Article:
“The Fund’s cumulative returns are well ahead of the index returns over long periods, averaging 1–2 per cent per annum, but in 5 of the last 17 years, the Fund has lagged the index. Notwithstanding this, the Fund has demonstrated an ability to beat the index over time. A passive fund can never beat the index,” says Fisher.

She attached a spreadsheet that shows the fund has outperformed the S&P/NZX50 Gross Index and its predecessor, the NZSE40 Index, 72 per cent of the time.

“The cumulative performance of the NZ Growth Fund in the ten years from December 2005 to December 2015 is 100.7 per cent versus 87.6 per cent for the NZX50 Index, supporting my belief in the value of active management (acknowledging that you are an ardent non-believer!),” she says.

I looked at the spreadsheet, and sent Fisher one more question: “It seems surprising that you wrote that the fund had beaten the index after fees ‘by around 1–2 per cent every year’, when as recently as 2015 the fund underperformed by a long way — 9.2 per cent compared with 17.3 per cent for the index. How could that happen? Did you forget that or something?”

Her reply: “Oh come on Mary, are you seriously going to focus on one year or two years when my column was clearly talking about our oldest fund with an eighteen-year history of returns?”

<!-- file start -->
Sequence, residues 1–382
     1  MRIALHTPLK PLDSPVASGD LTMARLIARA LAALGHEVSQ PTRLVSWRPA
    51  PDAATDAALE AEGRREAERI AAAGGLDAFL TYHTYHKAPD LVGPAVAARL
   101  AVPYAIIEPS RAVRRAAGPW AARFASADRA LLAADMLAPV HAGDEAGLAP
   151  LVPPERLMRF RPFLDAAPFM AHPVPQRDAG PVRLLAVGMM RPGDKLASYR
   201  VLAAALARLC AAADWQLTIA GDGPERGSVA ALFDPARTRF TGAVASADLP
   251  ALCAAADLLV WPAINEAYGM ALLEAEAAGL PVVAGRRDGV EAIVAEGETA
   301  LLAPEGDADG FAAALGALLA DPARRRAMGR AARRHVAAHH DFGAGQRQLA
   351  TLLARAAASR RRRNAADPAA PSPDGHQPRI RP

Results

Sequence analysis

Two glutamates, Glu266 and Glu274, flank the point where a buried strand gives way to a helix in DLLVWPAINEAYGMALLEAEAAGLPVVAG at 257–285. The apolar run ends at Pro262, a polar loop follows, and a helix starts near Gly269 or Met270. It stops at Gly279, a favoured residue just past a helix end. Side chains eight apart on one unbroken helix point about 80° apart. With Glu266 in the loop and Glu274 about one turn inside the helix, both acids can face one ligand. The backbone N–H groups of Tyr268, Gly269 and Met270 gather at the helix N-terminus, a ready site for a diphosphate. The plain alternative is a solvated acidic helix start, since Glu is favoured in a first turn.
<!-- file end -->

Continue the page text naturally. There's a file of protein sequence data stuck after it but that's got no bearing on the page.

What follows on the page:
The next day, Fisher wrote again: “I’ve just had a chance to look again at your question and realise that you weren’t just focusing on the underperformance in a few years in between a long period of outperformance, but rather, you are questioning the fact that the underperformance in one year was more than 1–2 per cent.

“If you look back at my first response you’ll see that I refer to the cumulative outperformance over time equating to 1–2 per cent…. You’re right, each year the performance difference between the fund and the index can be a lot larger than 1–2 per cent.

“It was a big difference in 2015 on the downside, just as there were many years when the difference was very large on the upside. That is a very typical pattern for active funds, and doesn’t alter the point of my column, which is that our fund has outperformed the index over the long term.”